Rules: 

Easy. Leave a comment at one or all the stops. At each stop, a random commenter will be selected to win their choice of backlist book (Tarnished Gold excluded.) This selection will be made daily throughout the tour, except where blog owners wish to extend the eligibility. Be sure to leave an email address in your comment. 

All names of commenters and their email addresses will be put into the drawing for the Kindle, even if they have won the daily drawing. The more comments you make the more chances you have to win.

Other prizes include five (5) 8x10 glossies of Jack Abadie, signed. The winners will be selected on April 10, from all the commenters at all the stops, and notified by email.

The Grand Prize winner will be selected on April 10th and notified by email. Once I have heard from the winner and obtained a shipping address, I will order the Kindle and have it shipped directly to the winner. They will also be eligible to select five (5) of my backlist titles and I will email them to the winner.

Contest valid in the United States.

Full schedule for the Tarnished Gold Virtual Book Tour

Comments

H.B. said…
Thanks for sharing the process of creating a hero. It's always fun to learn how an author starts to build their MC's.

humhumbum@yahoo.com
Brita Addams said…
Thanks H.B. I started out thinking my heroes could never have flaws. Now, I think flaws are part of their charm, don't you?
Crissy Morris said…
I agree I love an imperfect character. I like the flaws and quirks, but I like him to be strong and honorable as well. There's a balance. But imperfect can be perfect :D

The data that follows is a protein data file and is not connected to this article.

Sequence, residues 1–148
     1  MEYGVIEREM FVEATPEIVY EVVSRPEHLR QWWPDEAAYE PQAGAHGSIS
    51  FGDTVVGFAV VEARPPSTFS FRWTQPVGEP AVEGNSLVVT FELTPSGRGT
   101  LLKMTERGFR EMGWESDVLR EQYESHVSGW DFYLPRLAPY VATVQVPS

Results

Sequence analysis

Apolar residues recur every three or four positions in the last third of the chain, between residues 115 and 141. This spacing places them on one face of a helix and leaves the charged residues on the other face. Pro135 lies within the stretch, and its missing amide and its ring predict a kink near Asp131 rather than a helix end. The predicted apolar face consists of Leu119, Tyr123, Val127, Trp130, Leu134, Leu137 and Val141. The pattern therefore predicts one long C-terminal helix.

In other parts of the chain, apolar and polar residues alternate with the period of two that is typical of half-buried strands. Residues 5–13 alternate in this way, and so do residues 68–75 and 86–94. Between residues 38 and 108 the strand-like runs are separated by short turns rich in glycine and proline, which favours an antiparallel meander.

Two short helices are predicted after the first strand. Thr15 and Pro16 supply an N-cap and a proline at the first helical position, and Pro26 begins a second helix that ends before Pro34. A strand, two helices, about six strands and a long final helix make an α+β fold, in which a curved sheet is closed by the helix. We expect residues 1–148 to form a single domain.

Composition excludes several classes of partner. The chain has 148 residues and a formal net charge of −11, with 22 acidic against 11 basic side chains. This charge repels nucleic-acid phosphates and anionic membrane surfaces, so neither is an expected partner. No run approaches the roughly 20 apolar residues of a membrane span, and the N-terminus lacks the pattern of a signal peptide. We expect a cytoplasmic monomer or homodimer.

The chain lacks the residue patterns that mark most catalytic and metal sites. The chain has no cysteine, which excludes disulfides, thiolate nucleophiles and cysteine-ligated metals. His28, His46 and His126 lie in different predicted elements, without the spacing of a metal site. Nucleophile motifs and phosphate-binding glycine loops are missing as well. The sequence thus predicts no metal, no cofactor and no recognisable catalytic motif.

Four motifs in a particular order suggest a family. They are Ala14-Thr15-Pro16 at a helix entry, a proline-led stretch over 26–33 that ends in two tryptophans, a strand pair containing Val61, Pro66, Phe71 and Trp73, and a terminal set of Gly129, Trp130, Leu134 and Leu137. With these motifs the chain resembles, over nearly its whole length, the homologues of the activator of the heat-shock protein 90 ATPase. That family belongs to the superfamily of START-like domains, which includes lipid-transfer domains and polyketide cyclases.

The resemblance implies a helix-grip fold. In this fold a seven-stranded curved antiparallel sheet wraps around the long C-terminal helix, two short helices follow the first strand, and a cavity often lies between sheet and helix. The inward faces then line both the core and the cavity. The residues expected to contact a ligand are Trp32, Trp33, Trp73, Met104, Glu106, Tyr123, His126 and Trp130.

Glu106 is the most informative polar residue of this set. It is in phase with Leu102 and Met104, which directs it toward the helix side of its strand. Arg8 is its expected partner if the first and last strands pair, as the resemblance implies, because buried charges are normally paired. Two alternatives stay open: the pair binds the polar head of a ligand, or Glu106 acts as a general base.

Crissy
morris.crissy@gmail.com
gigi said…
Great post! Please count me in. Thanks!!!

gisu29(at)gmail(dot)com
bn100 said…
Nice info about your characters

bn100candg at hotmail dot com
Juliana said…
I also love imperfect characters! I think just because a man has demons, imperfections, etc. doesn't mean he isn't worthy of getting a story with a happy ending!
OceanAkers @ aol.com
Urb said…
Hi! I just devoured For Men Like Us, and truly enjoyed it! I hope you keep coming up with great stories and flawed heroes! Thank you!

Urb
Carolyn said…
I do love your definition of a hero. He has to rise up and be a person worthy of the one who loves him.

caroaz [at] ymail [dot] com
Loveless3173 said…
Really enjoyed the post! :D
Please count me in~~

Judi
arella3173_loveless@yahoo(dot)com
I can't wait to read Tarnished Gold and For Men Like Us, they both sound like such good reads.

DevilAngel39@aol.com
H.B. said…
Yes, Brita. I couldn't agree more there's something about flaws that make the heroes seem much more approachable and charming.